Over the last decade, Australians who use psychostimulant drugs have been increasingly using the internet to access drug-related information. This behaviour is occurring as part of a wider trend towards using always-available information (through wireless internet and internet-enabled notebooks and mobile phones) to ‘google’ just about any topic of interest. The difference with drug-related information is that there has traditionally been barriers in place around the distribution of detailed information about illicit drugs in public spaces. While barriers do exist for Australian-hosted websites containing content that could be refused classification by Australian censors, currently these rules cannot be enforced for overseas-hosted websites. Within this context, drug users have taken the opportunity to openly and anonymously share drug-related information and make connections with others with similar histories and interest in drugs.
The public, open nature of many websites that host discussion about illicit drugs has both opportunities and challenges. Allowing open discussion about taboo topics runs the risk of enabling information to disseminate freely that may be inaccurate and risky to those who choose to follow it. Discussions about drugs may glorify their use or not provide enough cautionary advice. On the other hand, open discussion also enables balanced information and strong warnings in an environment where users can ask questions free of the fear of being identified as a drug user. The public nature of these discussions helps with their monitoring by health professionals and law enforcement agencies; a benefit that cannot be said about interactions that occur privately.
Most Australian drug users now live in a context where internet use is embedded in their everyday lives. Over the next 5 years, this embeddedness will only increase. Access to vast amounts of drug-related information online changes the landscape of drug policy. Young adults who are the target of drug prevention campaigns are less likely to believe exaggerated or unrealistic warnings about drugs when they have the ability to easily and quickly check the veracity of such claims. The denial of the benefits and pleasures of drug use cannot continue for the same reason: it is too easy to find contrary information elsewhere. To gain credibility with drug users, the government will need to acknowledge the reality of drug use: its benefits and risks. Doing this while still sending a message that resonates with the rest of the population will be a formidable (if not impossible) task in the present climate fuelled by misrepresentation of all drug users as ‘addicts’ or ‘junkies’.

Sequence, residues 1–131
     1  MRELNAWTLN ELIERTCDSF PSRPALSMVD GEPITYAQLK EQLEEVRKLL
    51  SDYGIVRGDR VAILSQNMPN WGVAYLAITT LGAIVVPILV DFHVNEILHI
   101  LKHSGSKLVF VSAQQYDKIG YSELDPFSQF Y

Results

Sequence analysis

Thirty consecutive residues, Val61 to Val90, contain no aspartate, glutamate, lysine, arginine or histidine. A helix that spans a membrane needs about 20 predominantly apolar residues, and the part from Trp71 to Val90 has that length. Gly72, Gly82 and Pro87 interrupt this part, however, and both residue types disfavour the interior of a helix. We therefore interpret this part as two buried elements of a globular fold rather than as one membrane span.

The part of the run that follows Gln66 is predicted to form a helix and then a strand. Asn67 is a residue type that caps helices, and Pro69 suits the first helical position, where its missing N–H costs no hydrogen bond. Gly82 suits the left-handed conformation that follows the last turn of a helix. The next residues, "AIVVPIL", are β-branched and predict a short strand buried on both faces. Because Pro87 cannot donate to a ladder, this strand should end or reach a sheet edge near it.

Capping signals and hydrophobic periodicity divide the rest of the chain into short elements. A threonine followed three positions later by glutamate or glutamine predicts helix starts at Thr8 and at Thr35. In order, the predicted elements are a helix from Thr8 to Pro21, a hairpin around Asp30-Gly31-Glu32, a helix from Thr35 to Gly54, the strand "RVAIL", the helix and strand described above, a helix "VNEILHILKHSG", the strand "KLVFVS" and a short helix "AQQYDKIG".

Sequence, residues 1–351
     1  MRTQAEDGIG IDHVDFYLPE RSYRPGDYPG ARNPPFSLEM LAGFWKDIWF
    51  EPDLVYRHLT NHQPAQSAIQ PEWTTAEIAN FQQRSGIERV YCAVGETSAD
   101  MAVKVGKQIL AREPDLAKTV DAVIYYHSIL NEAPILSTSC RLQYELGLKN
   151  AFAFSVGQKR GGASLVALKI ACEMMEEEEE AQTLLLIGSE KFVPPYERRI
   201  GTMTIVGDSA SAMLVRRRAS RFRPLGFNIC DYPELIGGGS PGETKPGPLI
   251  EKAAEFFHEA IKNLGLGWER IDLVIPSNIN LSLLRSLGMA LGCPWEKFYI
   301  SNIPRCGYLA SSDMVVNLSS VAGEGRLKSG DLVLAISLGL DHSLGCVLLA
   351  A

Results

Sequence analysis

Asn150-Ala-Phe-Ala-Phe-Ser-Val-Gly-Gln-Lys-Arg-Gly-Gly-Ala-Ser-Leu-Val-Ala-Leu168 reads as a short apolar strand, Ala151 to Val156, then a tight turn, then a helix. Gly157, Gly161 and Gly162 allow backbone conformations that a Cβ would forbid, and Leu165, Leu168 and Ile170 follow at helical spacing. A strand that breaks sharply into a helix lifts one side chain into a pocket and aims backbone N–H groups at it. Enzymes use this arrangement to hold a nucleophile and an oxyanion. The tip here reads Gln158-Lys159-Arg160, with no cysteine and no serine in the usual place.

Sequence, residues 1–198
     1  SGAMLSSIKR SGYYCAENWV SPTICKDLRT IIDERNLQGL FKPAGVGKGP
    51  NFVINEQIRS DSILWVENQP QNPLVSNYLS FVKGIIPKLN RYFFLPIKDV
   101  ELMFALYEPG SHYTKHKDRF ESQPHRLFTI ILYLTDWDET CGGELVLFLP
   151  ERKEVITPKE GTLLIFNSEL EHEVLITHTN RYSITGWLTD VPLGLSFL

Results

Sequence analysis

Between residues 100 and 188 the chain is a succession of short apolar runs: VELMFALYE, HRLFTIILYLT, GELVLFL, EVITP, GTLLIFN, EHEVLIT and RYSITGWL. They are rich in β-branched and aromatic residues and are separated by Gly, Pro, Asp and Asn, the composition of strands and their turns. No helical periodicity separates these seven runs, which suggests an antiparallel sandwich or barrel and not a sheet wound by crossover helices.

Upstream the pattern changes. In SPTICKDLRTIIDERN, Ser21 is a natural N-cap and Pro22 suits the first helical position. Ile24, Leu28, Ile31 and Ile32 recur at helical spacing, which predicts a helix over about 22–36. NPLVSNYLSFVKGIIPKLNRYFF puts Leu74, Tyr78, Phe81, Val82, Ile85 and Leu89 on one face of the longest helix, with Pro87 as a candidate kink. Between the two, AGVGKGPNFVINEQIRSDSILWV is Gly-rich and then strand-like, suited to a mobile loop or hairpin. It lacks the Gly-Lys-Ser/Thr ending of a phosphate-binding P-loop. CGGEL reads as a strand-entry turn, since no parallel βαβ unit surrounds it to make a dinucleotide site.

A key challenge to monitoring and intervening in online drug discussion over the next 5 years is how the Australian internet filter the Labor Party is planning to introduce in 2011 will affect this context of open public information. Should the filter be applied in its current form, websites hosting detailed instructions regarding drug taking would be refused classification and Australian ISPs will be directed to block such sites if hosted overseas. Should this happen, such material will be unavailable to Australians unless they use proxy connections to connect to the material through overseas-hosted hubs.
It is unclear how Australian drug users will react to this development. One of the major benefits of public online drug discussion is the ability of authorities to watch and react to the information posted. Drug users who lose access to drug information websites may use easily-available tools to set up new websites that bypass the filter through virtual private networks and secure http sites. Peer-to-peer traffic will also remain unmonitored. Should drug discussion move exclusively to these domains, it will become more clandestine and, consequently, harder for officials to track and respond to.
While the presence of detailed information that instructs people how to use a drug may encourage its use, a significant proportion of people will use a drug anyway, with or without instructions. Given that most instructional information about drug use available online is aimed at assisting users refine techniques of use to reduce possible harms, making this information harder to get forces drug users to rely more heavily upon their (offline) social networks for this instruction. The potential for inaccurate information exists in both online and offline information sources. Should these forms of information become banned in the online public domain, they will be harder to monitor and harder to critique. It will be critical to monitor such developments before, during and after the introduction of ISP-level filtering proposed by the federal government.
While there has been significant protest against the proposed internet censorship plans, these have mainly been among the internet-savvy proportion of the Australian population. The debate is yet to be known and understood by the average voter. In truth, the protection of drug user rights to free information and a chance to reduce the harms of their use may not sit well with the average voter either. However, what about fiction that contains detailed information about drug taking? Video games which simulate drug taking? Will Underbelly be taken off air? Quite possibly. How the debate plays out in the next month or so when the legislation is tabled in parliament will be critical to the future of public, open, online drug discussion in Australia.
More on the language needed for the #nocleanfeed campaign to reach a wider audience here